(Recession probability as measured by the spread between the rate on 10-year Treasuries and three-month Treasury bills.)
There seems to be an inherent contradiction in having great optimism about future policy outcomes during a period of historically extreme policy uncertainty. Certainty should drive optimism, not the other way around! Furthermore, today’s high policy uncertainty is materially different than previous episodes, which include single events like the September 11 attacks, the credit crisis in 2008, the Eurozone crisis in 2011 or the Brexit vote more recently. Today’s uncertainty emanates from many sources – the direction of Fed policy, national security issues, major regulatory and fiscal changes, a fractured political process, and basic doubts about the future of free trade. And, as we know, a number of these uncertainties have potentially extreme consequences.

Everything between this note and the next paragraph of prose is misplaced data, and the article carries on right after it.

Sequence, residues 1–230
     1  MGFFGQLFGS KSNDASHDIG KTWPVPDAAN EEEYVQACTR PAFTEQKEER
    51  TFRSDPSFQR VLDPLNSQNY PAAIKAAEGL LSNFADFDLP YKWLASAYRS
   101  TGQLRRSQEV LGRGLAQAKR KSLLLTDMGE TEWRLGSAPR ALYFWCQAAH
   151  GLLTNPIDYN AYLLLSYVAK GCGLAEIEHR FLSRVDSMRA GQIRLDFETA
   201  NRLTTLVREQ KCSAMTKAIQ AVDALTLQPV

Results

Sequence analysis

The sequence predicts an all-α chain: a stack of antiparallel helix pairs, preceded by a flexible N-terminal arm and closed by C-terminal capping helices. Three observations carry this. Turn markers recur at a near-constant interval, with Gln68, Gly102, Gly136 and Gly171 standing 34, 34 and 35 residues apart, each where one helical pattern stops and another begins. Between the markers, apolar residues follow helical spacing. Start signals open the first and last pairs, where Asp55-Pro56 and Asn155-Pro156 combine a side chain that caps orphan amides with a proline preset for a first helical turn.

So, what does volatility tell us about market risk? Apparently very little. At the very least it is a backward-looking measure of uncertainty and at best it is a paradox; risk may be greatest when the market perceives there to be little. As risk expert Richard Bookstaber notes, “Greater uncertainty leads to more predictable behavior. Within the limited world of finance, this predictability is a decided negative.” We know the market is complacent about risk, but we can’t necessarily know why. However, the complacency itself – a behavior that has led to stretched valuations, hope-filled risk taking and excessive leverage – is reason to remain on guard.